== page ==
Wright mem of law at 2).


“Absent a confidential or fiduciary relationship, there is no duty to disclose, and mere
silence, without identifying some act of deception, does not constitute a concealment actionable as fraud” (NYCTL 1999-1 Trust v 573 Jackson Ave. Realty Corp., 55 AD3d 454, 454 [1st Dept 2008], affd 13 NY3d 573 [2009], cert denied 561 US 1006 [2010]). “A fiduciary relationship ‘exists between two persons when one of them is under a duty to act for or to give advice for the benefit of another upon matters within the scope of the relation’” (EBC I, Inc. v Goldman Sachs & Co., 5 NY3d 11, 19 [2005] [citation omitted]). Whether a fiduciary relationship exists is “necessarily fact specific” (id.). “‘If the parties … do not create their own relationship of higher trust, courts should not ordinarily transport them to the higher realm of relationship and fashion the stricter duty for them’” (id. at 20 [citation omitted]).


It is well settled that “[a]ttorneys have a fiduciary relationship with their clients” (Mutual
Benefits Offshore Fund, Ltd. v Zeltser, 172 AD3d 648, 649 [1st Dept 2019], lv dismissed 35 NY3d 933 [2020]). Wright argues that he and Cohen had a fiduciary relationship because Petrokansky stated that Cohen would act as Wright’s attorney. Wright, though, has averred in affidavits submitted in the Ejectment Action that the lawyers at the closing “were all lawyers for Mr. Petrokanksy” (NYSCEF Doc No. 103, Bruno affirmation, exhibit L, Wright 3/29/2021 aff ¶ 38), that “[a]ny alleged legal counsel all worked for Mr. Petrokansky and so did not have my best interests in mind” (id., ¶ 23), and that “there was no lawyer present there representing me to explain the documents that I was signing” (NYSCEF Doc No. 105, ¶ 24). Wright has also averred that “[t]he papers were put in front of me for the short sale and I had to completely rely on Mr. Petrokansky to advise me what he [sic] was signing” (NYSCEF Doc No. 103, ¶ 23). Although Wright’s affidavits filed in the Ejectment Action are not considered documentary evidence for purposes of CPLR § 3211 (a) (1) (Allen v Thompson, 224 AD3d 565, 568 [1st Dept 2024]), the statements therein constitute informal judicial admissions and, contrary to Wright’s
contention, those prior statements can be considered on a CPLR § 3211 motion testing the sufficiency of a pleading (see Kaisman v Hernandez, 61 AD3d 565, 566 [1st Dept 2009]; Biondi v Beekman Hill House Apt. Corp., 257 AD2d 76, 81 [1st Dept 1999], affd 94 NY2d 659 [2000]). In addition, the statements in Wright’s verified answer denying the existence of an attorneyclient relationship with Cohen constitute formal judicial admissions (see P. Zaccaro, Co., Inc. v DHA Capital, LLC, 157 AD3d 602, 602 [1st Dept 2018], lv denied 31 NY3d 907 [2018]; see also Jerome Prince, Richard on Evidence § 8-215 [Farrell 11th ed 1995]). Specifically, Wright alleges that he “had not previously met Mr. Cohen, had not signed an engagement agreement with Mr. Cohen, and had not otherwise entered into an attorney-client relationship” with Cohen (NYSCEF Doc No. 38, ¶ 140). Wright pleads no other facts from which to infer that he and Cohen enjoyed a relationship of trust and confidence so as to give rise to a duty to speak (see NYCTL 1999-1 Trust, 55 AD3d at 454).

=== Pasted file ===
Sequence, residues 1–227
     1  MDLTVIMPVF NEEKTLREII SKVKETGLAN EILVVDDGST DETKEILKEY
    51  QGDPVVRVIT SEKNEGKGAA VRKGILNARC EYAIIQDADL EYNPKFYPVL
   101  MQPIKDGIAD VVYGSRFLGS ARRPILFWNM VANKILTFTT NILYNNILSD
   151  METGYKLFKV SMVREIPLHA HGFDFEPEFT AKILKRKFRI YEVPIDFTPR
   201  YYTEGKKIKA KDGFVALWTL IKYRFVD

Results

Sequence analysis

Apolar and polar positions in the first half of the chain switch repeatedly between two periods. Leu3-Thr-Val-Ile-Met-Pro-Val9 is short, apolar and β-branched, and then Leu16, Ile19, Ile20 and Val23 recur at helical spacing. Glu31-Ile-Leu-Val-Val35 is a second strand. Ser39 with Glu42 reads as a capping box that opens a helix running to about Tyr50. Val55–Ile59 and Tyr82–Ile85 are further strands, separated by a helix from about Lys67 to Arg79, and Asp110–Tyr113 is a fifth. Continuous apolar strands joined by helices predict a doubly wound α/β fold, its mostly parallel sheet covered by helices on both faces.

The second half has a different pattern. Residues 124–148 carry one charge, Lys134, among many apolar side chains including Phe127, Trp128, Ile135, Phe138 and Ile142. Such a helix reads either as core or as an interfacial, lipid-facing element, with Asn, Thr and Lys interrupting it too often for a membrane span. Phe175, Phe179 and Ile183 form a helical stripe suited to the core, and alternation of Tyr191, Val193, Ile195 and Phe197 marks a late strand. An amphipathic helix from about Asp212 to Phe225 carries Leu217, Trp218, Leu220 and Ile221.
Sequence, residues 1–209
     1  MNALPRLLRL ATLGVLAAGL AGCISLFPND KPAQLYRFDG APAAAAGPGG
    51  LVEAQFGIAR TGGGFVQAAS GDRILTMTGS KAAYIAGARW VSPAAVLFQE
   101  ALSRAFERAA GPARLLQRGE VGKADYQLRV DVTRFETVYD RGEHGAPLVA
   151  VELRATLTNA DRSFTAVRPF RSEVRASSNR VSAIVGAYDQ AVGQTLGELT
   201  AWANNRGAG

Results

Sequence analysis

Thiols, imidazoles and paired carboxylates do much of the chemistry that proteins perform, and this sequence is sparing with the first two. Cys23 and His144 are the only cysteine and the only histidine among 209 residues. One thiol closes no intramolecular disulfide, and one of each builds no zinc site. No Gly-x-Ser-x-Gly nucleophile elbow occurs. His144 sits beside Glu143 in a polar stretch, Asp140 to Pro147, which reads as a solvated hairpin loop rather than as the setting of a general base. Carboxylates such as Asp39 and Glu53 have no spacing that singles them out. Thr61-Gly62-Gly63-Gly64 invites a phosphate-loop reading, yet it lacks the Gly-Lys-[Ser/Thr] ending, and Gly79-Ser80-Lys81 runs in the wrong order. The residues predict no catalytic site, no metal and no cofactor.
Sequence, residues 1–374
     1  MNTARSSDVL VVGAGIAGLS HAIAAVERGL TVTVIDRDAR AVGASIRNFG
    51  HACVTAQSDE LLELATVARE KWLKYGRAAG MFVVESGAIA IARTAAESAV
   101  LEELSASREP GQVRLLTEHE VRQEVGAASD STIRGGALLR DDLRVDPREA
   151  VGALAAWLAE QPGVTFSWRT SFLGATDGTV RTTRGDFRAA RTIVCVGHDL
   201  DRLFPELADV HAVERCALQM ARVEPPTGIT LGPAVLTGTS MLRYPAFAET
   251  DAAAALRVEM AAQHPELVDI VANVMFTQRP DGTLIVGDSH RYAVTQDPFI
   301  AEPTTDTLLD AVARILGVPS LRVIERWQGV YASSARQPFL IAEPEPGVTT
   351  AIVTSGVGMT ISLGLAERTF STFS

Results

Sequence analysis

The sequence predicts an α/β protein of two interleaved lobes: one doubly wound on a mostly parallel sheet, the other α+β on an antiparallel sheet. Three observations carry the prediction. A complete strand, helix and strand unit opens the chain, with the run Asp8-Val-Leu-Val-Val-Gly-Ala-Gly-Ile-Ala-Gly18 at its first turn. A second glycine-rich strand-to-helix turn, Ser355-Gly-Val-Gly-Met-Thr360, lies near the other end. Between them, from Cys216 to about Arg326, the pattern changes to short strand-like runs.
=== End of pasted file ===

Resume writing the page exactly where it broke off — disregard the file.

Even accepting Wright’s allegation that, “[t]o the extent an attorney-client relationship
existed, … Mr. Cohen failed to discharge his fiduciary duties to Mr. Wright” (NYSCEF Doc No. 37, ¶ 141), Wright still fails to plead a cause of action for fraud. The allegations in Wright’s amended answer sound in legal malpractice. A cause of action for fraud is duplicative of a cause of action for legal malpractice where, as is the case here, the claims arise out of the same nucleus of facts and seek the same damages (see Barrett v Goldstein, 161 AD3d 472, 473 [1st Dept 2018]). In addition, a cause of action for legal malpractice is subject to a three-year statute of limitations (see CPLR § 214), and Wright did not bring a claim against Cohen until after the statutory period expired. Accordingly, Wright’s second counterclaim for fraud as against Cohen will be dismissed.”

Dabiri v Porter 2024 NY Slip Op 02686 Decided on May 15, 2024 Appellate Division, Second Department is a case that neither defendant took particularly seriously, as each appeared pro-se (probably meaning that they choose not to involve their insurers.)

“In 2006, the plaintiff retained the defendant Albert Van-Lare to represent him with respect to his application for a medical license in Florida. In February 2009, the plaintiff was granted a conditional license (hereinafter the February 2009 order), inter alia, requiring the plaintiff to practice for one year under the direct supervision of a licensed physician approved by the Florida Board of Medicine (hereinafter the Board). The plaintiff waived his right to a hearing regarding the Board’s decision to impose conditions on his license. The plaintiff practiced under the direct supervision of an approved physician for approximately eight months.

In June 2011, the plaintiff retained the defendant Bartlett, McDonough, Bastone & Monaghan, LLP (hereinafter Bartlett), to represent him with respect to his application to remove the conditions of the February 2009 order and obtain a permanent license to practice medicine without restriction in Florida. The plaintiff’s application to remove the conditions of the February 2009 order was denied. In February 2012, the Board granted temporary approval of a new physician, David A. Marcentel, to serve as the plaintiff’s supervisor. In April 2012, after a hearing attended by Bartlett, the plaintiff was granted final approval for Marcentel to serve as his supervisor, and a practice plan was developed. However, the Board subsequently discovered that the plaintiff had been working with Marcentel from November 2011 through February 2012, prior to the Board’s grant of temporary approval.